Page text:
posted on Feb, 27 2006 @ 01:28 AM
If one could heat a solid block of iron sufficiently the block of iron would first change to a liquid and then to a gas. If one then ionized that
resulting gas, thereby converting it into a plasma and then compressed the plasma into a volume smaller than the original volume of the solid, one
would have a very dense plasma indeed, but it would not be a solid even though it's density was greater than the original solid. If one continued to
remove electrons from the plasma the resulting volume would shrink. (Consider how much of the apparent volume of an atom is composed of nothing but
empty space and you can visualize how the volume of the plasma could shrink until the nuclei of each atom was finally forced into contact with all
it's nearest neighbors).
Such a substance[plasma] could not exist unless the shrinkage happened so suddenly that the individual nucleus of each atom simply did not have
sufficient time to transition to something besides a nucleus. As the plasma shrank it would heat up due to the tremendous forces being applied to it
to strip off the electrons. Finally, just prior to physical contact between all the various nucleus's, they would all come apart into their
constituient particles and further shrinkage would force the particles into closer & closer association. At some stage in the shrinkage process the
original block of iron would become a highly condensed soup of quarks with a volume so tiny relative to the starting volume that it could not be seen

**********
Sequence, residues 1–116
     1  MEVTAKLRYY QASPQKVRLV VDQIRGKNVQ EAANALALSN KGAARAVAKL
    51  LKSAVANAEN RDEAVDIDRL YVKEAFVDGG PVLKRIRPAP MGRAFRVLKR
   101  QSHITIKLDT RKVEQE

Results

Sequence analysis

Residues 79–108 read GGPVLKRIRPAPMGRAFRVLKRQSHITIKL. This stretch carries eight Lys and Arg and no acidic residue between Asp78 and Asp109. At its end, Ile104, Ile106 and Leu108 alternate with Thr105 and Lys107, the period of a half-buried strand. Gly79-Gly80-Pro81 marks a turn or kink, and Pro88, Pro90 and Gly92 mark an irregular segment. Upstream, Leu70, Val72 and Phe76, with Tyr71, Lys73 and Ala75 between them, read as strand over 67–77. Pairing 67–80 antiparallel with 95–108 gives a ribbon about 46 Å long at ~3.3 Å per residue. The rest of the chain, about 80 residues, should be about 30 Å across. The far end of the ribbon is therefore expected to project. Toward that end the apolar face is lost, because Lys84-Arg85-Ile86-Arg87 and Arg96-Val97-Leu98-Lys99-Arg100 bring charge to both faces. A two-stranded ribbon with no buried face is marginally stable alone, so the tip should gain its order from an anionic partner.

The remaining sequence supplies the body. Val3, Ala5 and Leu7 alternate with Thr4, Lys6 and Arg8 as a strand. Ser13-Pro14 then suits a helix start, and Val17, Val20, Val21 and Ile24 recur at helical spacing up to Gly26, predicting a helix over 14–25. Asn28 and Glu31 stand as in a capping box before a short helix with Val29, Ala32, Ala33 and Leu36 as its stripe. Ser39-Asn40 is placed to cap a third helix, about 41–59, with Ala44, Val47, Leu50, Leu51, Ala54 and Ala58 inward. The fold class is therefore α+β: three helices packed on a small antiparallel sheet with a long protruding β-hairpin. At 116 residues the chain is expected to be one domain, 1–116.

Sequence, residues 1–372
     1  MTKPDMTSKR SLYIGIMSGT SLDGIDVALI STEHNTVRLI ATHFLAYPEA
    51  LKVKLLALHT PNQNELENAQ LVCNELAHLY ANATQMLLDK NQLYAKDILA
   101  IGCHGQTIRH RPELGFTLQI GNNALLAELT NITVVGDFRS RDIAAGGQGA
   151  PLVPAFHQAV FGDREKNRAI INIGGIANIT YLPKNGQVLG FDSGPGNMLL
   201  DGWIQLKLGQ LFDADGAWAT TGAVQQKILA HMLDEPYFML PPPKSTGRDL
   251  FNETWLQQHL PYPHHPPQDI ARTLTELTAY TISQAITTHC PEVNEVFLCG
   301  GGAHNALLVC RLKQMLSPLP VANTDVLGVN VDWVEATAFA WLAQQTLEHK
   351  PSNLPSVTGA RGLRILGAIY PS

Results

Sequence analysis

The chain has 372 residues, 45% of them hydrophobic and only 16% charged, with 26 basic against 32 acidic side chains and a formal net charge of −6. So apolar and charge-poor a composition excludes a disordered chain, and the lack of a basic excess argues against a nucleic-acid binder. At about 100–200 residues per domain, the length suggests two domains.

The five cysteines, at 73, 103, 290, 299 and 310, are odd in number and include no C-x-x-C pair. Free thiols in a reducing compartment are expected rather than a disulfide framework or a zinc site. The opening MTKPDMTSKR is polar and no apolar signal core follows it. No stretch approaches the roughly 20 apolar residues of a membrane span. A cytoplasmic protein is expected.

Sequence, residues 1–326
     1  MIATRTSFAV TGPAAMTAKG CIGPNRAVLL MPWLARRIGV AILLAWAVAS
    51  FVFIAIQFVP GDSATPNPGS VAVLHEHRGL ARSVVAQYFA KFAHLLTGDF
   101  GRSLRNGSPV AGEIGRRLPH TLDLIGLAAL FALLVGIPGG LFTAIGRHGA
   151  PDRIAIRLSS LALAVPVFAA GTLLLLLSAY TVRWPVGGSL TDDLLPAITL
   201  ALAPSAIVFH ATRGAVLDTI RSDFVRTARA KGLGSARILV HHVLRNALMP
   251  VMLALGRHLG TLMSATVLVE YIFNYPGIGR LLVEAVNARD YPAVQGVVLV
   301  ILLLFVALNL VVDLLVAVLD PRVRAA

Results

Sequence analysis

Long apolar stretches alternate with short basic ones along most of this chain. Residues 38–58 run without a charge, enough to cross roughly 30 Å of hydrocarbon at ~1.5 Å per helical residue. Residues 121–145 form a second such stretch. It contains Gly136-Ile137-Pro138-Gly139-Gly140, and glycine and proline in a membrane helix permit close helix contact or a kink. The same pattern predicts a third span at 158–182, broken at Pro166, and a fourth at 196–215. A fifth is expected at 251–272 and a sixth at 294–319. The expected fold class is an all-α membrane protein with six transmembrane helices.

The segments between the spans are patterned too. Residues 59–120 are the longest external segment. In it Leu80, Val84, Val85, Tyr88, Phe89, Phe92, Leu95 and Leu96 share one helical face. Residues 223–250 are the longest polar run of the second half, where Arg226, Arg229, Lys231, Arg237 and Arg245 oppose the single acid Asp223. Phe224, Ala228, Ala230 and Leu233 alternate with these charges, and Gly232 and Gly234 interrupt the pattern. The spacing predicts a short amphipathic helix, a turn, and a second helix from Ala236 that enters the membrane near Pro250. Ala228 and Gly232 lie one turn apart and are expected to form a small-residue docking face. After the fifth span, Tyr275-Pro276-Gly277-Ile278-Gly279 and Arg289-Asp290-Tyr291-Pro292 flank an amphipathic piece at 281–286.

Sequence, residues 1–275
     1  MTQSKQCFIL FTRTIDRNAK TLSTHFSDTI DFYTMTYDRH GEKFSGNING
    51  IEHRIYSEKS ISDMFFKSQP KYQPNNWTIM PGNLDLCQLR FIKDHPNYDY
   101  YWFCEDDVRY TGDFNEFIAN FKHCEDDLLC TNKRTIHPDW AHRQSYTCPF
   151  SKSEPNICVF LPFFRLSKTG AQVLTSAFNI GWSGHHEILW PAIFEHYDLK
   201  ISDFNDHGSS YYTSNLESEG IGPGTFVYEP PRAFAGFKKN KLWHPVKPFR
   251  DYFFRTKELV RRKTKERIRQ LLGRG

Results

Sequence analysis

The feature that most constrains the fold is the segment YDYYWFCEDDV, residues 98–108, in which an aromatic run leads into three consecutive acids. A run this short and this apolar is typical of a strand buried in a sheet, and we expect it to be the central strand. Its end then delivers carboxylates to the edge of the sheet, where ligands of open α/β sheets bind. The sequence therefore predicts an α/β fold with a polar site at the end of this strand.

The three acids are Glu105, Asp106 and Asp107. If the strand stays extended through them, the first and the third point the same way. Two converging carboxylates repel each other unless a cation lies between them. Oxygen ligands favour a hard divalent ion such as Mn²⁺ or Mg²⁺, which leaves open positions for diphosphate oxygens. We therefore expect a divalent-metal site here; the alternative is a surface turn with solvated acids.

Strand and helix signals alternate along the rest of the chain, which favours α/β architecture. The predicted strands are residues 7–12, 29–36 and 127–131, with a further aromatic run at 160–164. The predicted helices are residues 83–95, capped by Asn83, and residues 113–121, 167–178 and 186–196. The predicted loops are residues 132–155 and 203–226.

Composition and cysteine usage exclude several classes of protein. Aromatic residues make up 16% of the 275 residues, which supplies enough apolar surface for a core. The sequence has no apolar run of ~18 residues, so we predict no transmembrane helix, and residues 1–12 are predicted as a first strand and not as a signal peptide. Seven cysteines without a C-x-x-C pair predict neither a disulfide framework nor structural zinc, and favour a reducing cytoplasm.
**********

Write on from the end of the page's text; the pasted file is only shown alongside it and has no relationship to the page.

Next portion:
even by a very powerful microscope.
How much further could the plasma/soup shrink? I don't know the answer to that question, but something tells me the shrinkage process could indeed
continue until all that remained was an incredibly tiny speck of compressed energy far, far denser than any solid could ever be. Does a black hole
reach that stage? No one knows for sure. Are all black holes created equal?, i.e., do some reach that stage and others not? Again, no one knows.
We do know that theoritically the volume of the original solid could shrink until it was so small it could pass right through normal matter without
ever touching anything. (Assuming the tiny speck of whatever did not still contain the gravity & inertia of the original mass--which it apparently
does, and further assuming it wasn't at a temperature that would vaporize whatever it was going through--which it would be). Just how far could the
shrinkage continue? No one has anything but the vaguest notion. Could the entire mass of the universe be brought together into such a point of near
nothingness? Some say yes and others no, but the truth is we don't know and can probably never know.
If indeed all the mass of the universe could be brought together into such a tiny, hot point would gravity still exist? If it did not, where did it
go? If it did, what force could possibly ever cause the point to suddenly expand/inflate back into a normal universe? GOD is just as good an answer
here as anything else.
As a final question, assume for a moment that the big bang did happen and that the entire universe inflated/expanded out of one incredibly tiny, hot
point of energy. As it expanded there would come a point in the expansion where densities and temperatures would have dropped enough that normal
matter could once again start to form. Supposedly, such did happen and equal (or nearly so) quantities of normal matter and antimatter were formed
simultaneously. Immediately thereafter they collided and destroyed one another--converting into pure energy in the process and leaving only a tiny
portion of normal matter behind. If this happened, where did all the energy go?
Are you confused yet? I sure as hell am.
[edit on 27-2-2006 by Astronomer68]